900 ÷ (6 + 3 • 8) – 10

900 ÷ (6 + 24) – 10

 

Simplify the expression in the parentheses. Multiply first.
  900 ÷ 30 – 10

 

Then add 6 + 24.
  900 ÷ 30 – 10

30 – 10

20

Now perform division; then subtract.

 

Answer    900 ÷ (6 + 3 • 8) – 10 = 20

 

When there are grouping symbols within grouping symbols, compute from the inside to the outside. That is, begin simplifying the innermost grouping symbols first. Two examples are shown.

Example
Problem Simplify 4 – 3[20 – 3 • 4 – (2 + 4)] ÷ 2.    
4 – 3[20 – 3 • 4 – (2 + 4)] ÷ 2 There are brackets and parentheses in this problem. Compute inside the innermost grouping symbols first.
4 – 3[20 – 3 • 4 – (2 + 4)] ÷ 2

4 – 3[20 – 3 • 4 – 6] ÷ 2

Simplify within parentheses.
4 – 3[20 – 3 • 4 – 6] ÷ 2

4 – 3[20 – 12 – 6] ÷ 2

4 – 3[8 – 6] ÷ 2

 

4 – 3(2) ÷ 2

Then, simplify within the brackets by multiplying and then subtracting from left to right.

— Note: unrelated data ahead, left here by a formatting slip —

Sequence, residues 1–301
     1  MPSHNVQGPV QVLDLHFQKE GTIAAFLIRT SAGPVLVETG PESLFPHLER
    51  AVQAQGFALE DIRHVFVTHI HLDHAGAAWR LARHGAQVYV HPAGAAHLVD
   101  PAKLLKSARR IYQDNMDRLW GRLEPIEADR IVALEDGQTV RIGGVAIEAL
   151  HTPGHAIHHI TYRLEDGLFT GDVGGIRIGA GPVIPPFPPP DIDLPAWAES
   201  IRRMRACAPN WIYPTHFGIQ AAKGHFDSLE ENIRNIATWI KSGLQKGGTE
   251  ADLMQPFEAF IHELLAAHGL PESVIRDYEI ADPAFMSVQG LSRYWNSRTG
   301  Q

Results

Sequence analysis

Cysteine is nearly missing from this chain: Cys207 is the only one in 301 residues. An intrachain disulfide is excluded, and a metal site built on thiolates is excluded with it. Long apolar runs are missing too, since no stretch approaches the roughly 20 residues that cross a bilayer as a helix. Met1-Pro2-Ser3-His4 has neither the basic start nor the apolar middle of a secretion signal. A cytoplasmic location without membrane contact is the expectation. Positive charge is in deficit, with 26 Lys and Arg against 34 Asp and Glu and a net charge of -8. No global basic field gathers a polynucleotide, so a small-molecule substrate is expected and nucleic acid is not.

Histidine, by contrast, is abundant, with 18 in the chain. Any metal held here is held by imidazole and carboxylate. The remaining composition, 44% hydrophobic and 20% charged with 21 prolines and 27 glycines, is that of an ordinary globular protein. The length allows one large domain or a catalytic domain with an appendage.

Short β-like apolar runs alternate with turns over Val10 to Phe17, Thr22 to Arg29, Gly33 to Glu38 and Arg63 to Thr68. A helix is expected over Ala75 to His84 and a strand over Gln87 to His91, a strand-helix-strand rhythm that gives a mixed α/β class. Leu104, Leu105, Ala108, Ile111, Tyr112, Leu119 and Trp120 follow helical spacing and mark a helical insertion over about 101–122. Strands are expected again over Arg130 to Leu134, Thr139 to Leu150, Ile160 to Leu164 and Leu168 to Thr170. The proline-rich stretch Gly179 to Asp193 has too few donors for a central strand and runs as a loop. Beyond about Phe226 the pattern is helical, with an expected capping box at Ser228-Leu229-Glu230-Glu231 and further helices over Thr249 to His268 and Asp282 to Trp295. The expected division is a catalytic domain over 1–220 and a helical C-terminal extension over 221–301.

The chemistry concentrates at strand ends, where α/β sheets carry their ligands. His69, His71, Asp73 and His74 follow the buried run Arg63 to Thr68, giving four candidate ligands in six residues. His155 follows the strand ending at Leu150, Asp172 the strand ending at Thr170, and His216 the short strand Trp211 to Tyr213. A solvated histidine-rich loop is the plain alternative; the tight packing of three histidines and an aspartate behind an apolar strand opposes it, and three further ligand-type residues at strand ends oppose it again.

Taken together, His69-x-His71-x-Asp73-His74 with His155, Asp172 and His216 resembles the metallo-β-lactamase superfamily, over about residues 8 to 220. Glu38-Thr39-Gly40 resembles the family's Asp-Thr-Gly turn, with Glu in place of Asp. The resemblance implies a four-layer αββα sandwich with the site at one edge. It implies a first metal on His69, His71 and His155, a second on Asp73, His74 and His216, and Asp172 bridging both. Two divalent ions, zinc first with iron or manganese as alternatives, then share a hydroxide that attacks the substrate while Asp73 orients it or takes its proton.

4 – 3(2) ÷ 2

4 – 6 ÷ 2

 3

Multiply and divide from left to right.
   3

1

Subtract.
Answer     4 – 3[20 – 3 • 4 – (2 + 4)] ÷ 2  = 1

 

Remember that parentheses can also be used to show multiplication. In the example that follows, the parentheses are not a grouping symbol; they are a multiplication symbol. In this case, since the problem only has multiplication and division, we compute from left to right. Be careful to determine what parentheses mean in any given problem. Are they a grouping symbol or a multiplication sign?

Example
Problem Simplify 6 ÷ (3)(2).